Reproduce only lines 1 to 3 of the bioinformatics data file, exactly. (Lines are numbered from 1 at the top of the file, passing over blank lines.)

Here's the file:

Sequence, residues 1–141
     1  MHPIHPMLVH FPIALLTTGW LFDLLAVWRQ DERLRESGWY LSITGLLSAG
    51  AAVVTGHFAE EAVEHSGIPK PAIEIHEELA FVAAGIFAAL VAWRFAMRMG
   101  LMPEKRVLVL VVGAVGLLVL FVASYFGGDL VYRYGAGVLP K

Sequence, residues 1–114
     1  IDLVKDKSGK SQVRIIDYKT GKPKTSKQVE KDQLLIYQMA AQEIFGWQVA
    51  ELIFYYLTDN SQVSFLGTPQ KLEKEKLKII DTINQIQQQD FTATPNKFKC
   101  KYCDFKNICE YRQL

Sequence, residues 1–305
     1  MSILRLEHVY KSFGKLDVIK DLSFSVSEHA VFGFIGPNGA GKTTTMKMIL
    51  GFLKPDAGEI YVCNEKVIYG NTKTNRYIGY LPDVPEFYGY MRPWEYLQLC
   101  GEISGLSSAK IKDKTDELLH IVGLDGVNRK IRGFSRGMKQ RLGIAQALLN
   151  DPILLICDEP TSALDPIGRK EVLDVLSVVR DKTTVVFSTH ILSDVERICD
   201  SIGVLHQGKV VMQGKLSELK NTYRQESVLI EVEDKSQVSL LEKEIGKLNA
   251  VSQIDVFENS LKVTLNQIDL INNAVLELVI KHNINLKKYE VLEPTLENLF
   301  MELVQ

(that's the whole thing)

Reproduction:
Sequence, residues 1–141
     1  MHPIHPMLVH FPIALLTTGW LFDLLAVWRQ DERLRESGWY LSITGLLSAG
    51  AAVVTGHFAE EAVEHSGIPK PAIEIHEELA FVAAGIFAAL VAWRFAMRMG